Rebecca Peart is a freshman at Clarkston Junior High School and in her Advanced Language Arts class has a service learning project. “I chose to do mine about orphans because I am adopted from China and I want to help people get the chance that I got,” Peart said.
Have you ever thought about orphans, like adopting them? Have you ever thought about orphans’ lives in orphanages? I’m pretty confident I can tell you a fairly decent answer to those questions because there was a time I was an orphan.
That’s right, I was an orphan and it never really leaves you. No matter how young you were when you got adopted, but I was fortunate enough to get adopted.
I am participating in The Orphan Foundation’s Awareness Project, which is where I tell a story about a family who adopted somebody from a different country, and so I thought, what better story to tell than my own?
I was supposedly born on March 28, 2001, in Guangzhou, China. However, my birthday is uncertain and it’s believed to be at the end of March. The people at the orphanage guessed on it and my parents got the final say. Not many parents can say that they got to pick their child’s birthday, but mine did.
My birthday was either March 28 or March 29, and my brother’s birthday was March 29. So, I was left with March 28. Anyway, a couple days after I was born, I was abandoned and left on a street corner in a cardboard box. Let me tell you, it hurts to get rejected when you’re only two days old, even if you don’t remember it the feeling is still there and it lasts.
However, I was very lucky to be found by a police officer and was taken to an orphanage. Little did I know I would spend a little over a year there. During that year, I was bathed in cold water, I was fed powdered milk, and did not know what real food tasted like until I was adopted. I did get cared and nurtured for, perhaps, way better than some orphanages, but no matter how many times the caretakers fed you, or bathed you, or held you, it would never compare to your mother or father’s loving touch.
On April 11, 2002, a couple walked into my orphanage and I didn’t know at the time who they were when I first saw them, but soon I would know them as my mom and dad. Out of all of the orphanages and all of the children there, they went to my orphanage and they chose me. At the orphanage, the orphanage staff told my parents that I was a ball of energy and my parents found that out soon enough. I was always energetic and easily fired up and still am, somewhat, to this day.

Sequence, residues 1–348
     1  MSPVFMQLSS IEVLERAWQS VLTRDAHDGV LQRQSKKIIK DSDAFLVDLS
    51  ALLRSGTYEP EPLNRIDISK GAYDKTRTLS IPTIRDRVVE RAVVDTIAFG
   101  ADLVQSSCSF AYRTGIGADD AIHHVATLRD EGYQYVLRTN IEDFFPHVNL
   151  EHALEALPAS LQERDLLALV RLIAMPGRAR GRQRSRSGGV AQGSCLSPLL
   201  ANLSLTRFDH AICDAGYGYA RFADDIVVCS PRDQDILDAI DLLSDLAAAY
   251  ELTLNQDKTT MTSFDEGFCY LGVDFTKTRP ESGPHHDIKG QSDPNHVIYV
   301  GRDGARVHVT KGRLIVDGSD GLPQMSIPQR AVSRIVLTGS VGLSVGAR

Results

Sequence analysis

My first time eating genuine food was soon after I had left the orphanage with my parents, it was egg drop soup, I think. I ate it so fast and the powdered milk was dead to me, I never wanted to go back to it ever again. Then, there was the day that I left for my new found home. I couldn’t imagine what my 13 month old brain was thinking. Here I was, leaving what seemed like my home, at the time, away from the people who cared for me, who were the only kind of parentlike figure that I had back then, with two strangers that I had met only a fews days beforehand. The orphanage was all I had ever known and my main caretakers were like family to me, and I was ripped away from all I had ever known. However, they can take you out of the orphanage, but they can never take the orphanage out of you.
Although, at the end of the day, I’m very thankful all of this has happened to me. I’m one of the lucky ones who got adopted. I’m far better off here in Clarkston with my friends and my family I am so very thankful for.
My family saved me from a life of poverty and I’m ever so grateful for it. I cannot imagine my life without my family, or my best friends, or my marching band who are like my second family. I love all of these people and if I hadn’t been left on that street corner on that day, I wouldn’t be sitting here writing this at all. I would’ve never found my passion for writing, mainly poetry. I would’ve never fallen in love with Piglet from Winnie the Pooh and it breaks my heart just thinking about that. I also may have never fallen in love with playing the flute, which I would never trade anything in the world for. I probably wouldn’t have gotten a chance to fall in love with color guard and loving everything about spinning, and tossing, a flag and rifle.